ISSN (Print) - 0012-9976 | ISSN (Online) - 2349-8846

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The Not-so-curious Case of the Nightie Ban

Why did a village in Andhra Pradesh ban the seemingly innocuous nightie?

Anywhere in India, nay, anywhere in the whole world, you will be hard-pressed to find a woman who has never ever been told what to wear or has never had to think of whether her clothes would make someone else feel uncomfortable. Seemingly simple choices of how women dress or move their own bodies in public spaces or in the home are, in fact, matters of control and power over women’s agency. Clothes are used as a tool to either sexualise the female body or strip it of its sexuality to best suit the oppressor’s need at the moment. Think of why the clothes of women who are victims of sexual assault are called into question. Or why widowed women are even today discouraged from wearing “attractive” clothing or accessories. These powers vary in potency, but are the omnipresent powers of the state, of patriarchy, of intimate relationships, of society, and of internalised patriarchy in women.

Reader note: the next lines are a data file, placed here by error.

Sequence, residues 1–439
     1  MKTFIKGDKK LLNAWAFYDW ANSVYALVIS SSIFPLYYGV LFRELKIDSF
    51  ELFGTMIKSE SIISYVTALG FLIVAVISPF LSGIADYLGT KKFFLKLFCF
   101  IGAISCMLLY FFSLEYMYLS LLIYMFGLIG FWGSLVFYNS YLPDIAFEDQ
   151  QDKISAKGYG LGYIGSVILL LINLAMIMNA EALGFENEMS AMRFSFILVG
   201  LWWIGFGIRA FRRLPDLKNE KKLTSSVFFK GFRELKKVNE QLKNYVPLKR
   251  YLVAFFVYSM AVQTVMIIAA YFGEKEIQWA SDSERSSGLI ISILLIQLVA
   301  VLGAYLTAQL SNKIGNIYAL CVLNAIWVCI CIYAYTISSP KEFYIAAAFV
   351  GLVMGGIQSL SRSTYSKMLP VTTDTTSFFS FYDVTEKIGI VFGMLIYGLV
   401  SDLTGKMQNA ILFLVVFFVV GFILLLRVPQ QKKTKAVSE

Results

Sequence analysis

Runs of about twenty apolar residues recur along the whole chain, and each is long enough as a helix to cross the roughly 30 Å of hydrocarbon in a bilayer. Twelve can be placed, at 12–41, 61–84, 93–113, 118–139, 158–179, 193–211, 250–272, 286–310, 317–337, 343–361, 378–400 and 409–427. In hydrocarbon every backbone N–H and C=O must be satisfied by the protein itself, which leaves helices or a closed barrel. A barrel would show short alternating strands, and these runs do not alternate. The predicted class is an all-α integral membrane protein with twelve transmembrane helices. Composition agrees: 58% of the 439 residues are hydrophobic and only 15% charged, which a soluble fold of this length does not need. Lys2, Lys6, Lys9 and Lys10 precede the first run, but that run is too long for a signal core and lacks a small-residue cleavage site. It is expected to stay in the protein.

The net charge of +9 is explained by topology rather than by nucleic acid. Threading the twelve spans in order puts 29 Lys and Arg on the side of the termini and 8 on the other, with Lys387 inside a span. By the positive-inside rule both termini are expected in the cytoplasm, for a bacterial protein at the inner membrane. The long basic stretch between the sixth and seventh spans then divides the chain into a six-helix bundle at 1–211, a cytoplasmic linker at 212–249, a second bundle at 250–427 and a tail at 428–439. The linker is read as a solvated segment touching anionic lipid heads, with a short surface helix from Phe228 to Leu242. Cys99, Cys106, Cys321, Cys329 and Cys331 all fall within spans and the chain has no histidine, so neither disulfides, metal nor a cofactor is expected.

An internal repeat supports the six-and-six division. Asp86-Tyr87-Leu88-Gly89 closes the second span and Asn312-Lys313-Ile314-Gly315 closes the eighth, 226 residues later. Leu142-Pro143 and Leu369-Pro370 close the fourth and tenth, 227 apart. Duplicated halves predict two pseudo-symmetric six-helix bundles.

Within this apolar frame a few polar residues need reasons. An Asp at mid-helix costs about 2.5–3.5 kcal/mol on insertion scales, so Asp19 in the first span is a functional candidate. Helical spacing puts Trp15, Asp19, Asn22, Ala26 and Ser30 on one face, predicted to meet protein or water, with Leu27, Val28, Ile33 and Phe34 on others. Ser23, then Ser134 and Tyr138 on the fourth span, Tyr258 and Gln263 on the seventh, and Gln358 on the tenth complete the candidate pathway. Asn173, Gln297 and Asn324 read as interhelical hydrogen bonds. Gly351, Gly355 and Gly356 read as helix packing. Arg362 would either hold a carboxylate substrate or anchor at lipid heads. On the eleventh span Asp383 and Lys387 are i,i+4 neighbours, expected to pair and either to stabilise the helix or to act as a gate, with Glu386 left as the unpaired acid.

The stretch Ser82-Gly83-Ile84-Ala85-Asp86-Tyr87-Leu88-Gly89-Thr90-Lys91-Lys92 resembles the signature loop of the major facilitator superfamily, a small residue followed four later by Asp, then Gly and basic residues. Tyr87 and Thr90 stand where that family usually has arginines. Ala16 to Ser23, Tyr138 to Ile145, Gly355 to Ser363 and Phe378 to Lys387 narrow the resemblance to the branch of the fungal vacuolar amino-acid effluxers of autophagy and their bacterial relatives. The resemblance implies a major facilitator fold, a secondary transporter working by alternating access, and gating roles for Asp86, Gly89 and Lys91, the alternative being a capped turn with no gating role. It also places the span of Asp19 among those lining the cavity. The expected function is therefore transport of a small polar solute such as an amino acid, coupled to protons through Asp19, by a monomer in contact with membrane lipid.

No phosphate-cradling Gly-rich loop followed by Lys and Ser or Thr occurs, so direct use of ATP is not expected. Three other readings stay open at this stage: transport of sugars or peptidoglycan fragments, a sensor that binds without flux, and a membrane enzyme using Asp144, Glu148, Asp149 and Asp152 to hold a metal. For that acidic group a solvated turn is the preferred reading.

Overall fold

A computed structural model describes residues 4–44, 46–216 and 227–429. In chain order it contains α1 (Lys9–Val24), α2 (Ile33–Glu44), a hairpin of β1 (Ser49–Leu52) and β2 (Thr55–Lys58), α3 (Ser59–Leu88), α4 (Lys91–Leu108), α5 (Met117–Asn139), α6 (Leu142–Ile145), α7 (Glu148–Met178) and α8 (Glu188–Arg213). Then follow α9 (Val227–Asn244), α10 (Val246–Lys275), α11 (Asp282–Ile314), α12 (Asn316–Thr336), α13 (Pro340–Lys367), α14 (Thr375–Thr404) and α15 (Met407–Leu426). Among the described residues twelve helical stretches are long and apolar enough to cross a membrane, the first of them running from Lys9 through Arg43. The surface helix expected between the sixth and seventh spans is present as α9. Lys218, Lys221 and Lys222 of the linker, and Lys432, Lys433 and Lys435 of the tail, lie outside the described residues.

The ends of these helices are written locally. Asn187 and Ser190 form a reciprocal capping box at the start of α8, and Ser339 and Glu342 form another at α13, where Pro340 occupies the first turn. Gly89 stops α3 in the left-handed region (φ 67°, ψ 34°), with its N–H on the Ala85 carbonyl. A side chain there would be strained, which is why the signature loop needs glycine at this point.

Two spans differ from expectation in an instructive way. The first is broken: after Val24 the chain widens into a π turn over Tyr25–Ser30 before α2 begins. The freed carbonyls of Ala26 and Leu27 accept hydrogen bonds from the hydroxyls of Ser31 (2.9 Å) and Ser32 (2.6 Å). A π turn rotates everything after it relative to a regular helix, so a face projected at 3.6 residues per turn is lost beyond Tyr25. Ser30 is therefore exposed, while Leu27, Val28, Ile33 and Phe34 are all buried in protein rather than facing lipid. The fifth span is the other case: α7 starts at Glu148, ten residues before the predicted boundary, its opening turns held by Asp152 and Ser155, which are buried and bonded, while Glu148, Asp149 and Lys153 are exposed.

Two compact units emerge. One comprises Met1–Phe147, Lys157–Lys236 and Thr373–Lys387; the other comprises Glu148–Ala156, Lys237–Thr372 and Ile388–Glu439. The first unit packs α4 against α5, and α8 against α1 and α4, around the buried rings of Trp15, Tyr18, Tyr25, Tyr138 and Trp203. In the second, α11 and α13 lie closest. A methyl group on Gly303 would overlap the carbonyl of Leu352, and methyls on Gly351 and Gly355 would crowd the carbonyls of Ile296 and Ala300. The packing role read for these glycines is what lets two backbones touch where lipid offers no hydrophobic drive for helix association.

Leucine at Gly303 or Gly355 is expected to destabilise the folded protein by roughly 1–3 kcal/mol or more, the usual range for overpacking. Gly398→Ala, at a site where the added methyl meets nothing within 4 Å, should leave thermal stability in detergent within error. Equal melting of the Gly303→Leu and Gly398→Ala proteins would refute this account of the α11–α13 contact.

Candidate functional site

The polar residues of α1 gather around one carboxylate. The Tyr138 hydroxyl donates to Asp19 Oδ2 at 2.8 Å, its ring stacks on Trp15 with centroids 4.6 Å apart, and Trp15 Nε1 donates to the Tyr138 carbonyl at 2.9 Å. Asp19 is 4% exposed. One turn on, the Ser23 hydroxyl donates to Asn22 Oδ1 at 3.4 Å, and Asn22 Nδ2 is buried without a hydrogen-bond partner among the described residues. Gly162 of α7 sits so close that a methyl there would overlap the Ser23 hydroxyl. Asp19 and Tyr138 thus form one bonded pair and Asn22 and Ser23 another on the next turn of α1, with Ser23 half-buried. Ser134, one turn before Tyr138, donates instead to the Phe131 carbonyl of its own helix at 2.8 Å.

Recently, a coastal fishing village in Andhra Pradesh, Tokalapalli, decided to ban women from wearing nighties between 7 am and 7 pm. The humble nightie doesn’t seem to warrant this kind of a reaction, surely! The nightie is as innocuous as it is inoffensive. It is an oversized, loose fitting, one-piece attire that women across India wear as night clothes and during the day and out in public places too. In smaller towns and working-class neighbourhoods, it is not uncommon to see women walk about with neatly combed hair adorned with flowers, their faces aglow with a greyish tinge of talcum powder, pottu (vermillion) and eyeliner in place, whilst wearing a nightie accessorised with a dupatta.

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Updated On : 2nd Jan, 2019

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